• As first steps in addressing these tasks Parties should submit views and national experiences and identify gaps in the governance of synthetic genetic parts and living modified organisms produced by synthetic biology as developed for release or commercial use to the Executive Secretary. Parties should request the Executive Secretary to consolidate the submissions as a basis for further work and convene an Ad-hoc Technical Expert Group which is regionally balanced and comprises all the necessary fields and backgrounds to make a comprehensive assessment, i.e. including molecular biology, ecology, environmental sciences, socio-economic and legal expertise, and also including indigenous peoples, local communities, civil society representatives, farmers, pastoralists, fisherfolk and other stakeholders with the mandate to:
    1. Analyse the adequacy of existing assessment frameworks and identify gaps in knowledge and methodologies for assessing the potential negative impacts of synthetic genetic parts and living modified organisms produced by synthetic biology on biodiversity and the environment.
    2. Assess the impact on traditional knowledge, practices and innovations, customary law, human rights and livelihoods, including customary use of biological diversity by indigenous peoples and local communities, farmers, pastoralists and fisherfolk that may ensue from the appropriation of land, sea and biomass and replacement of natural compounds by industrial production systems that utilize synthetic genetic parts and living modified organisms produced by synthetic biology.
  • Acknowledging the model character of Article 14 of the Cartagena Protocol on Biosafety which deals with Impact Assessment and Minimizing Adverse Impacts of products of modern biotechnology, Parties should adopt legal, administrative and policy measures regarding environmental impact assessment of proposed synthetic biology projects that may have significant adverse effects on biological diversity. This should include synthetic genetic parts and living modified organisms produced by synthetic biology intended for release into the environment as well as those destined for contained use, due to the fact that effective containment in the context of synthetic biology may require updating and upgrading of the containment facilities.
  • In line with decision V.5 III, The Conference of the Parties should recommend that, in the current absence of reliable data on biocontainment strategies based upon synthetic biology, including xenobiology, mirror biology, alternative nucleotides or other synthetic biology approaches, without which there is an inadequate basis on which to assess their potential risks, and in accordance with the precautionary principle, products incorporating such technologies should not be approved by Parties for field testing until appropriate scientific data can justify such testing, and for commercial use until appropriate, authorized and strictly controlled scientific assessments with regard to, inter alia, their ecological and socio-economic impacts and any adverse effects for biological diversity, food security and human health have been carried out in a transparent manner and the conditions for their safe and beneficial use validated. In order to enhance the capacity of all countries to address these issues, Parties should widely disseminate information on scientific assessments, including through the clearing-house mechanism, and share their expertise in this regard;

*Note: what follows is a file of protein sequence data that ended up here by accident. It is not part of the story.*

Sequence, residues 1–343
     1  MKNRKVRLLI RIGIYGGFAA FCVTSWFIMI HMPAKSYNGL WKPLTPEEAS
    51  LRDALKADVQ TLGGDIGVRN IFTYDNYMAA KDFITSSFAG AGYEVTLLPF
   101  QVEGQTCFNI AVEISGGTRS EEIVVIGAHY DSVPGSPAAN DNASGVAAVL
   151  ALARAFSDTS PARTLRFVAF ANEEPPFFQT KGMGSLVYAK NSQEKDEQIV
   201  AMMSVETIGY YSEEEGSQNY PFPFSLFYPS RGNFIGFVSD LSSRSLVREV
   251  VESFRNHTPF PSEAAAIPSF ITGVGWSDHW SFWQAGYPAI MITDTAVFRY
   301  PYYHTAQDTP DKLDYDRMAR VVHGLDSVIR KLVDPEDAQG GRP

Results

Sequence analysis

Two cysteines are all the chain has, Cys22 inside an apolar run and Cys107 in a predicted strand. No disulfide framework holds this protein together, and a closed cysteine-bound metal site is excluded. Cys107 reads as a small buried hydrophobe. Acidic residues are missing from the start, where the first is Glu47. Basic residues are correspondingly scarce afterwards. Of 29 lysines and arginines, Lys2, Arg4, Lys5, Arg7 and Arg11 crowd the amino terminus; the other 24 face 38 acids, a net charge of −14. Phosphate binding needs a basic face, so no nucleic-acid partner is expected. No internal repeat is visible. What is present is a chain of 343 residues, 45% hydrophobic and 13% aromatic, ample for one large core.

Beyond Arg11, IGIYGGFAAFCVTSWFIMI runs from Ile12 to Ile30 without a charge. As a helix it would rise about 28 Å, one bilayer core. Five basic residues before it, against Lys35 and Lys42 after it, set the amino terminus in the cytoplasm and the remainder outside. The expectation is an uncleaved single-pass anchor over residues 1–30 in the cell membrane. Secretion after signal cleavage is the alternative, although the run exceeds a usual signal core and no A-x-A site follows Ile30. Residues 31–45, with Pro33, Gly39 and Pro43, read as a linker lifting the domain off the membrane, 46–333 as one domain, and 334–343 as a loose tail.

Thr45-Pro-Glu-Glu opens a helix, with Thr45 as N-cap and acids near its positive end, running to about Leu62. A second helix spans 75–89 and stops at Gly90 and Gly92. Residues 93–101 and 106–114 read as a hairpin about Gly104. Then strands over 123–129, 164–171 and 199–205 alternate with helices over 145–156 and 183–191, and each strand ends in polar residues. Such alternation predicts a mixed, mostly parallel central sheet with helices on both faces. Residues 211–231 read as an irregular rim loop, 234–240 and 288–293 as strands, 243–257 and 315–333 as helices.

• The Conference of the Parties should initiate the development of a mechanism, treaty or protocol to enable more rapid assessment of emerging technologies such as synthetic biology where they are relevant to the conservation and sustainable use of biological diversity and fair and equitable sharing of genetic resources. Such a mechanism, treaty or protocol, based on the precautionary principle, should provide for the anticipatory evaluation of societal, economic, cultural as well as environmental and health impacts of emerging technologies and sharing of information between parties and other stakeholders.

Recommended Actions under the Cartagena Protocol on Biosafety and the Nagoya-Kuala Lumpur Supplementary Protocol on Liability and Redress

  • Acknowledging the importance of complying with the objectives and articles of the Convention when faced with rapid scientific and technological innovations, the Conference of the Parties should invite the Parties to the Cartagena Protocol on Biosafety and the Nagoya-Kuala Lumpur Supplementary Protocol on Liability and Redress to:
    1. Consider extending requirements for advance informed agreement and risk assessment procedures to synthetic genetic parts in order to cover gaps that otherwise permit evasion of the rules agreed under the protocols. One gap arises from new techniques that make it possible to import DNA sequences over the internet, such that no physical transfer takes place. A second gap arises from related techniques that allow an LMO to be imported as a set of parts ready to be reconstituted, rather than a whole viable organism. These threats to the objectives of the protocol could be addressed by extending advance informed agreement rules so that they also apply to:
      • Agents that construct an LMO, whether from electronic code or genetic parts; and
      • Agents that export genetic parts (such as biobricks) that are "latently viable" (parts deemed to posses sufficient latent potential to form or promote the formation of a viable organism).
    2. Consider excluding from the ‘contained use’ provisions, synthetic genetic parts and living modified organisms produced by synthetic biology, in order to address the new containment challenges they pose - at least until effective containment methods can be demonstrated. Thus the Article 6.2 exemption from having to obtain advance informed agreement for contained use would not apply.
    3. Consider the case in which an agent imports an LMO into containment (without obtaining advance informed agreement) and subsequently seeks to take it outside containment, that such an agent be then required to obtain an approval from the domestic regulator based on a risk assessment process that is at least as strong as set out in Annex III of the protocol. This is to avoid an agent being able to gain advantage in jurisdictions where the domestic requirements are weaker than apply under Annex III.

Reccomended Actions under the Nagoya Protocol on Access and Benefit Sharing

  • The Conference of the Parties should further invite the parties to the Nagoya Protocol on Access and Benefit Sharing to consider extending agreements on access and benefit sharing to cover digital genetic sequences and products derived from natural sequences using synthetic biology tools such as directed evolution techniques.